When Sitting Down and Shutting Up Is Not an Option

I have 0 points of intersectionality. I am a white, cisgender, heterosexual, male with no disabilities (although some might debate that last item). As a result, I am increasingly hearing statements coming from society claiming that I am ineligible to share a viewpoint or opinion on a wide range of issues. Evidently, because of my “status,” I could not possibly have anything valuable or worthwhile to contribute regarding anything outside of my “status.”

Because I am white, I cannot talk about racial issues. According to some, as a white person, I am inescapably racist.

Because I am a male, I cannot possibly have anything to contribute on the topic of gender discrimination. According to some, as a male, I am hopelessly misogynistic.

Because I am cisgender and heterosexual, I am completely ignorant of the struggles of those in the LGBTQIA+ community. Evidently, never having experienced same-sex attraction and/or gender dysphoria means I am incurably homophobic and transphobic.

It is exceedingly frustrating for there to be so many topics, especially culturally relevant ones, for which I am, according to the culture, supposed to just sit down and shut up.

In a sense, I get it. There is something at least a little off-putting about people speaking out on issues for which they have little to no lived experience or expertise. For example, my wife and I have unexplained infertility. I would have difficulty listening to infertility focused counseling from an individual with multiple children. Likewise, many churches do not want to hire an unmarried man as a pastor because they worry that he would not be able to adequately counsel people struggling with marital and/or family issues. There is no doubt that personal experience and expertise is valuable.

At the same time, the “sit down and shut up” attitude being promulgated is completely misguided.

Should we ignore Jesus’ teaching on marriage because He was never married? Ok, ok, yes, I know Jesus is exempt from this rule since He is God and knows everything about everything…fine…

Should we ignore the Apostle Paul’s teaching on marriage in Ephesians 5:22-33 because, as far as we know, he was never married? And, who does Paul think he is, a Jew, preaching and writing letters to primarily Gentile audiences? Can you believe Paul actually thought he could empathize and become like people in different life circumstances (1 Corinthians 9:19-22)?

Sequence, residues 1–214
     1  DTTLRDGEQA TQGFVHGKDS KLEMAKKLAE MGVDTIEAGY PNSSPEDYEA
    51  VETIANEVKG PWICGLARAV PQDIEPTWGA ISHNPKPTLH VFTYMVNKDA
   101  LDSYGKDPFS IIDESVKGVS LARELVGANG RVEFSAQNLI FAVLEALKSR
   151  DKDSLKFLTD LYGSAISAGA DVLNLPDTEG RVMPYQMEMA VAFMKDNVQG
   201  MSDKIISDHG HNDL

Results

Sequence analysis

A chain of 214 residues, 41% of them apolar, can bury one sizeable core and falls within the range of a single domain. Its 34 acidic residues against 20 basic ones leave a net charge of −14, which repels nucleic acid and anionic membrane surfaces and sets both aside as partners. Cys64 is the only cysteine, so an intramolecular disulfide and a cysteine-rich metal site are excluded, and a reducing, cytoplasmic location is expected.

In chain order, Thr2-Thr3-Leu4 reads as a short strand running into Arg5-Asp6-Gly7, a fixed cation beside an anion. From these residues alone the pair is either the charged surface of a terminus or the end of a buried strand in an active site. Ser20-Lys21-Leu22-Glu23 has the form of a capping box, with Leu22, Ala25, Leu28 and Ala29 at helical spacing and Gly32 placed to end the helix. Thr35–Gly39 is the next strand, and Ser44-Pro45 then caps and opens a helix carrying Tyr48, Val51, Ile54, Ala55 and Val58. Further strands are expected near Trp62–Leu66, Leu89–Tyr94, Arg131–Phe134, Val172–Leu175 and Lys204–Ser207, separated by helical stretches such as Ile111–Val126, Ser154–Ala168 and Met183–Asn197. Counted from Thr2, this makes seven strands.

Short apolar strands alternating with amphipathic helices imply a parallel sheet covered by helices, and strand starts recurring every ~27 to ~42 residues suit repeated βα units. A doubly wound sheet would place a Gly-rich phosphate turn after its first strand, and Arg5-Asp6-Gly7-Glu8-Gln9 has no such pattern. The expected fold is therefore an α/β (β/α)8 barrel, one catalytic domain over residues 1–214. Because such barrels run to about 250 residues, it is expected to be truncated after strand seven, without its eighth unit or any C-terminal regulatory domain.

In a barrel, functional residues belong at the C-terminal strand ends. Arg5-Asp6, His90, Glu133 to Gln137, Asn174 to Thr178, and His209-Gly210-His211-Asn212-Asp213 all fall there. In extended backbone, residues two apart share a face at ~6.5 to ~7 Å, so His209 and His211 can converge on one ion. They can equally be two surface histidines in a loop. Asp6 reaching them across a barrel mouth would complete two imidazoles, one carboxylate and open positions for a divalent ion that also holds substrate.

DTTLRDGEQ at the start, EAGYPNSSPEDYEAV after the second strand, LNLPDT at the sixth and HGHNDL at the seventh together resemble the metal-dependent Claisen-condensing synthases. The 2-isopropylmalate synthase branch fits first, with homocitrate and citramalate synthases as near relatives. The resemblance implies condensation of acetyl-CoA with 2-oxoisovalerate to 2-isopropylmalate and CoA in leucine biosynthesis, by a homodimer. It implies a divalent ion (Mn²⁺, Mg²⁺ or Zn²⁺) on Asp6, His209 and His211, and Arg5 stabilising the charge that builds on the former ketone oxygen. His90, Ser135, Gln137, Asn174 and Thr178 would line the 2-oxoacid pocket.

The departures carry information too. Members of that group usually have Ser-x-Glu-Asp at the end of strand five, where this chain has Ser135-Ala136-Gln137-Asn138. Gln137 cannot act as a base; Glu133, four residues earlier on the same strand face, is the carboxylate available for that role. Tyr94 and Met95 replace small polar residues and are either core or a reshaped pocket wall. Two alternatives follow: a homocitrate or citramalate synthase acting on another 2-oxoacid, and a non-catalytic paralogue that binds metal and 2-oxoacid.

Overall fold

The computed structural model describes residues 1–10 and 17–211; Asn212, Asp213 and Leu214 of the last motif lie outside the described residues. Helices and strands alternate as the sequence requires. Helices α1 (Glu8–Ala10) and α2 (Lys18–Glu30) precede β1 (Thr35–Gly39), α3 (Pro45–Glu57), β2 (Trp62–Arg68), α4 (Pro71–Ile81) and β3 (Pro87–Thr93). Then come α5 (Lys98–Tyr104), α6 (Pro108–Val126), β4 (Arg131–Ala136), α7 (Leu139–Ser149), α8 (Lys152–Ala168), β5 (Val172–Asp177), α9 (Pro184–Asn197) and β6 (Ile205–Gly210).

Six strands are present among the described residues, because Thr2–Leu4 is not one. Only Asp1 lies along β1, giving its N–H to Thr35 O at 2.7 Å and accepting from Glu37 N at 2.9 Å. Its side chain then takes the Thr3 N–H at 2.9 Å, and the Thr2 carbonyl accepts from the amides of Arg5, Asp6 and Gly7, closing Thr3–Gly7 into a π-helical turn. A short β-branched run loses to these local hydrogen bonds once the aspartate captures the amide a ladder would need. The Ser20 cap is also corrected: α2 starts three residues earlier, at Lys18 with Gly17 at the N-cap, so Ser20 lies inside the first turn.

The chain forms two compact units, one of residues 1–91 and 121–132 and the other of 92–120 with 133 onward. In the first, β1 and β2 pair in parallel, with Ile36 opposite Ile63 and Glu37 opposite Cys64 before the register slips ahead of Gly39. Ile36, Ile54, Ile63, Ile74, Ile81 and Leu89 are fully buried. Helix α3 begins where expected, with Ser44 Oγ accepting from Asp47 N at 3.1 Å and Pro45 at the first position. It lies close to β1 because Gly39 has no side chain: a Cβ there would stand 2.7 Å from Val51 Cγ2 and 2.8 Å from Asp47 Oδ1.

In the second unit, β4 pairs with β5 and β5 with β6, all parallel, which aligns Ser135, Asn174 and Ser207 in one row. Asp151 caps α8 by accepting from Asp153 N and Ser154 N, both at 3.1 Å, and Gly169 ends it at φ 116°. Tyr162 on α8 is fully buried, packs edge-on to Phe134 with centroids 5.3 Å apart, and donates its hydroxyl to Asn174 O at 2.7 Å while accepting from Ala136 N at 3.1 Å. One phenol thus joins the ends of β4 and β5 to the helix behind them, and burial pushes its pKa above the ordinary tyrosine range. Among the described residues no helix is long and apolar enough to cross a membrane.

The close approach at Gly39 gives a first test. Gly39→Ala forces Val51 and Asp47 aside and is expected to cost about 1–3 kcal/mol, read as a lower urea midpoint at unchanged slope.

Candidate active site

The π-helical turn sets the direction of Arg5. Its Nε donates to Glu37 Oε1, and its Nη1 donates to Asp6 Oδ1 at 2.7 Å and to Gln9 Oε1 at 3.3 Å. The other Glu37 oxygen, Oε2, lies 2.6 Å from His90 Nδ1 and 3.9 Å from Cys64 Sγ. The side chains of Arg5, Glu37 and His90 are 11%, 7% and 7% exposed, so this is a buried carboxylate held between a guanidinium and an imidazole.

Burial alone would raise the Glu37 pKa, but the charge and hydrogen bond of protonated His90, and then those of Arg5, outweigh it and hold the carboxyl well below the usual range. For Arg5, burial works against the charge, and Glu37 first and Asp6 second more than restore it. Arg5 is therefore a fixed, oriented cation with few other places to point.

Sitting down and shutting up is not an option for followers of Jesus Christ.

You do not need a certain amount of melanin in your skin to understand what the Bible says about the evils of, and cure for, racism.

You do not need two X chromosomes to recognize the amazing value of women and their absolute equality with men in the body of Christ (Galatians 3:28).

Believing what the Bible says about homosexuality and sex/gender related confusions does not make you incapable of, nor free you from the responsibilities of, speaking the truth in love (Ephesians 4:15) and demonstrating compassion (Colossians 3:12).

Fellow followers of the Lord Jesus Christ: Do not listen to society’s demands to sit down and shut up. We are Christ’s ambassadors (2 Corinthians 5:20). We are all called to preach the Word (2 Timothy 4:2). The call to speak the truth in love is not limited to topics for which we have personal experience.

At the same time, when we speak on culturally sensitive and divisive topics, when we share the reason for the hope that we have, we should always strive to do so with an extra measure of gentleness and respect (see 1 Peter 3:15).

So, the next time you are told to sit down and shut up about an issue on which Christians have valuable things to say, don’t allow yourself to be silenced. Instead of sitting down, get on your knees. Instead of shutting up, speak the truth in love.

S. Houdmann

Published by Intentional Faith

Devoted to a Faith that Thinks

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